15. That's an interesting notion! I do, however, think that it all speaks more to Williams knowing that it would be a hit by virtue of the fact that its music bearing his name and the name "Star Wars." Its like how Howard Shore put The Hobbit in Four Movements at the start of his "Music of Howard Shore" events. I also think that the deeper he goes into this sequel trilogy, the more proud he becomes of his achievement: In terms of the thematic architecture, Star Wars is by far his magnum opus.
  16. To each his own, I suppose. Its not like the other two films are that much shorter, anyhow.
  17. If a film is a drama - it's objective is to be moving, and any and all production elements are subservient to that end. If the film is a clear-cut action film - it's objective is to be exciting; If it's a comedy - it's objective is to make people laugh, etcetra. Simple. Return of the King is primarily a drama - and on that level it works incredibly well.
  18. Hey, what can I say, I'm better with words than with pictures. I'll conjure something up tommorow.
  19. Sure I do, I'm an post-graduate of Middle Eastern studies. That a lightweight in terms of length. Look up Cleopatra, Branagah's Hamlet, and a few of the epics regarding the American civil War. I like Return of the King infinitely more. Much more moving.
  20. Of all the four hour films (of which there are more than you would think), Return of the King is the most deserving of that length. About the only thing I would have streamlined would have been the meeting with Saruman, which goes on a bit too long. In a way it kind of needs that length. The multiple endings are understandable when you consider that this film wraps up the whole trilogy, not just itself: think of the coronation as the finale of Return of the King proper, and the other endings as the conclusion of the trilogy. Now that its a sextet, it's all the more warranted.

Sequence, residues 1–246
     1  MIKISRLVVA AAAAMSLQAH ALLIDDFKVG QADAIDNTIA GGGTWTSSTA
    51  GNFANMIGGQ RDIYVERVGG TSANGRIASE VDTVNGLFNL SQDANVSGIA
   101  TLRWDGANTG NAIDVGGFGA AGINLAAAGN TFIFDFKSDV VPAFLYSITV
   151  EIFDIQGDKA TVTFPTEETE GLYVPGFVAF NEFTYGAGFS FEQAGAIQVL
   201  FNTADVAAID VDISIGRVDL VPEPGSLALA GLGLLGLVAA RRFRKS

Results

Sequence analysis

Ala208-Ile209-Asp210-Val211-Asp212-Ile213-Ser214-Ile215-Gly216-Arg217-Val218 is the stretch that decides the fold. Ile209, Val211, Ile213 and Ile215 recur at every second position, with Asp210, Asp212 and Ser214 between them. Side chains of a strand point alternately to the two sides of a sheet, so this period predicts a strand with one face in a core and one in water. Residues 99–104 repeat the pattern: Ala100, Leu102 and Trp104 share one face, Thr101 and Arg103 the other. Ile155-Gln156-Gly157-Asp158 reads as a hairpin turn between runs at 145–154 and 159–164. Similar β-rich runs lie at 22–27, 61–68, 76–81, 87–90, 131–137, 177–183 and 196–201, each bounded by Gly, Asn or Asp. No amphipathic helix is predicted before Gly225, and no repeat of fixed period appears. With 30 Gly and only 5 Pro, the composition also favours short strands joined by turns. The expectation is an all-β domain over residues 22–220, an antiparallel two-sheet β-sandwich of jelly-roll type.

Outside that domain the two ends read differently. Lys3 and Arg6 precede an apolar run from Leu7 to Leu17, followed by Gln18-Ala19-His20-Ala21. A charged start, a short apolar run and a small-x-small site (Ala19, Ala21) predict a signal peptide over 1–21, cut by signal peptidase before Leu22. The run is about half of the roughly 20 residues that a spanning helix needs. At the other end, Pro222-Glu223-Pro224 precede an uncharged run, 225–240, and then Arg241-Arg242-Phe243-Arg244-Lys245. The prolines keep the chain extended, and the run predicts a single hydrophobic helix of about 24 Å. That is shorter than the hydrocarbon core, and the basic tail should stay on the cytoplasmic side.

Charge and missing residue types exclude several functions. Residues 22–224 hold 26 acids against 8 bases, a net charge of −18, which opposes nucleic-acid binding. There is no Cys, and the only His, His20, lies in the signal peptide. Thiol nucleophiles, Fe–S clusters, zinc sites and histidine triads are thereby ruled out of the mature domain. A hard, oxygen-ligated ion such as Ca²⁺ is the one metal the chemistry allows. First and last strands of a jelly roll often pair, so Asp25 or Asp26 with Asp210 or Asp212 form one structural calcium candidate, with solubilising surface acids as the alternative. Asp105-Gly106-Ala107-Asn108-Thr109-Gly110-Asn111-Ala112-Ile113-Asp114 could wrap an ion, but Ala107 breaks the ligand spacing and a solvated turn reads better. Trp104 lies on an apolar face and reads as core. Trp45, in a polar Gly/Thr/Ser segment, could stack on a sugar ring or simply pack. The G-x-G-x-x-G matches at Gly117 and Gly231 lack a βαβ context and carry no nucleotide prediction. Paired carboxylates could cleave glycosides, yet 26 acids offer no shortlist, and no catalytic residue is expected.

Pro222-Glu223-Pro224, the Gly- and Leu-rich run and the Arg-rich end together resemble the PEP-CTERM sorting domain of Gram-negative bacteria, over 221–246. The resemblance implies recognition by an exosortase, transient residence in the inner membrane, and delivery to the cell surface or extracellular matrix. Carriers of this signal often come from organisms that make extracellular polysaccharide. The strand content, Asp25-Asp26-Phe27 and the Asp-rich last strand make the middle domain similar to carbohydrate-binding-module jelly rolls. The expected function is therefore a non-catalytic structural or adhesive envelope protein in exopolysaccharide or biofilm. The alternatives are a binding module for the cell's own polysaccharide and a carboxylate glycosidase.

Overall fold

21. Kylo Ren's motif is a bit more noticeable because it's typically scored for brass. It's also often used to herald his arrival as we see his spaceship arrive, at which point there often aren't many effects in the film to cover it up. Both aren't particularly memorable to the wider audience, though.
  22. I don't he didn't give a damn. He just tried dabbling in a more dense, motivic score made of short, interconnected motifs. It just didn't work particularly well. That said, I'll take the love theme from that film over Rey's theme any day. If I'm being brutally honest, I think people wanted the new John Williams' Star Wars score to be great so badly, that they aren't emotionally sincere about approaching stuff like Rey's theme. If you'll take a person who watched the film and liked it, but isn't as keyed towards the music as we are, and play Rey's theme for him or her - I doubt it would leave too much of an impression on them. It's just too lilting and soft compared to his more sweeping themes. I wouldn't be caught humming it, even if my life depended on it. I know I'm not emotionally biased against the themes in the prequels: I loathe Attack of the Clones. But even I admit that the love theme is beautiful.
  23. Films are dramatic narratives. Technical issues in films are only a problem if they plague a large portion of the narrative or if it so bad that it takes the audience out of the film. As such, the only true narrative flaw that I find in the film is that the instigator of Denethor's madness isn't fleshed out. But there are so many characters in the film that it might have been beyond the audience's capacity, and it was better to have just be an arse.